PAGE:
The line on Usher's soon-to-be blockbuster album Looking 4 Myself is captures the veteran R&B crooner leaping over boundaries, Marvel hero style. Early reviews have noted the many genres the 33-year-old former teen star tackles, from the EDM he reportedly discovered dancing to Swedish House Mafia at Coachella, to indie electronica courtesy of Australian duo Empire of the Sun and emo rap courtesy of Drake's best friend, Noah "40" Shebib. Always a leader within the mainstream, Usher now wants to prove that he can do a toe stand on the cutting edge.
The first taste of what Usher himself dubbed "Revolutionary Pop" arrived in the form of a "Climax" and it wasn't the kind fans might have expected from the guy who gave us the exhibitionist classic "Love in This Club." Its dirty video aside, "Climax" is actually a classic loverman's plea, transformed by 21st-century atmospherics provided by the composer Nico Muhly, who arranged the strings, and the producer Diplo, who dusted it with electronica. It's a great example of what really happens on the best tracks from this very strong album: not a radical move away from Usher's R&B sweet spot, but a reassertion of the core values that govern that rich musical style.
Those values include a commitment to sonic innovation, an embrace of new technologies and an urbanity that's always been as barrier-busting as anything rock had to offer. Looking 4 Myself is solidly soulful, dramatic in all the right places, heartfelt, deeply danceable, sexy: in a shiny new package, it's classic R&B.
In a project full of partnerships with fashionable pop savants, Usher makes sure to show how the now sounds of those trendsetters are rooted in disco, house, even quiet storm. On his album, he works to bring worlds together, not leave one for the other.
The influences Usher and those various producers mine are the cool forward thinkers who have previously taken the genre in new directions. Any fan of Maxwell hears that master of ambient soul in the grooves of "Climax," while the memory 1980s electro-smoothies like Keith Sweat surface in some of the album's ballads. "What Happened 2 U," the track featuring Shebib, starts with a delicate flurry that Janet Jackson would love. Though it's sonically different, the dramatic narrative unfolding in the funky Salaam Remi track "Sins of My Father" is so reminiscent of Michael Jackson's "Billie Jean" that it can't be an accident. The retro-soul he and producers the Neptunes copped for "Twisted," already has the cool kids in New York City doing mashed potato. And then there's the Prince influence, which leaves its mark on the album's most playful pop cuts and its chilliest freakfests.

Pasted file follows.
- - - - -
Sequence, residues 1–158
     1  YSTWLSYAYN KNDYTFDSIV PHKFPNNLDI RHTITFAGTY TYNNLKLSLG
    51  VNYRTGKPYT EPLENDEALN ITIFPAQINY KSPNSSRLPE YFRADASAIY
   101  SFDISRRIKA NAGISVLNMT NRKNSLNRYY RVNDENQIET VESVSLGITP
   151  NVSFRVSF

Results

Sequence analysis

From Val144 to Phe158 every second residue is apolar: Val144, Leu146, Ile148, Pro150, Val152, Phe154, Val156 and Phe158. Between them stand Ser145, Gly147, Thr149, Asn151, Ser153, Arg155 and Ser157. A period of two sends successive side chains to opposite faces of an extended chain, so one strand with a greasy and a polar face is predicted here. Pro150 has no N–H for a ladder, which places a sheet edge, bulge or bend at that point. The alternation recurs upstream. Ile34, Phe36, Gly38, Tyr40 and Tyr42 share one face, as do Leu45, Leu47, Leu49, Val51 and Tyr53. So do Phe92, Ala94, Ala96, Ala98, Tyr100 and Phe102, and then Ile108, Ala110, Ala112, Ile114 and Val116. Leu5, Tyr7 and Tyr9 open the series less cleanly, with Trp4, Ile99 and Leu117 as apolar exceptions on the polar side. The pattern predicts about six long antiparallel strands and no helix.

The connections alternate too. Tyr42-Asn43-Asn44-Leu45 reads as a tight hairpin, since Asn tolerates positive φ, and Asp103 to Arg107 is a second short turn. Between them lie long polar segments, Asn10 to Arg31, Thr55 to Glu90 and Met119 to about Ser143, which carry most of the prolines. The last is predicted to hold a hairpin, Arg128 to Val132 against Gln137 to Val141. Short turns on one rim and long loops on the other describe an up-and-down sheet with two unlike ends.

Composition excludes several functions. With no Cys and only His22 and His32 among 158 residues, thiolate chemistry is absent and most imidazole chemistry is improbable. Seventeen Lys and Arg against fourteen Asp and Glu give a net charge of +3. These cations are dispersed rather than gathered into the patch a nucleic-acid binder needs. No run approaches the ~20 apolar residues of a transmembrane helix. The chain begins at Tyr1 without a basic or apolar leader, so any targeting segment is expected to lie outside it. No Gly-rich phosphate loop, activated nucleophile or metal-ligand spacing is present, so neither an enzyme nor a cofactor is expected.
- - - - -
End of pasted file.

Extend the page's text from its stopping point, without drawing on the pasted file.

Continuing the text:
Identifying the R&B sources on Looking 4 Myself doesn't diminish the impact of Usher's risk taking. As a powerful force in the pop mainstream the man who brought America's tweens Justin Bieber Usher not only has the budget to keep making himself relevant; he wields the kind of influence that helps define what relevance looks like. His recent talk about creating a new musical genre is so much vanity he's behind Beyonce by a year, for one thing but the sound of Looking 4 Myself belies his words.
When I talk with serious music fans these days, I consistently hear the term "post-genre." There's a feeling that the rise of the playlist and the influence of the generation that grew up on hip hop's sample-based eclecticism has broken down the division among different communities of music makers and listeners. The state of genre-based music cultures, and the need for genres, is a matter to be debated at length elsewhere. But what Looking 4 Myself gives the pop world, besides many excellent songs that will have us dancing and karaoke-ing alongs for years to come, is a strong assertion from a young soul lion that trying something new does not require abandoning your roots.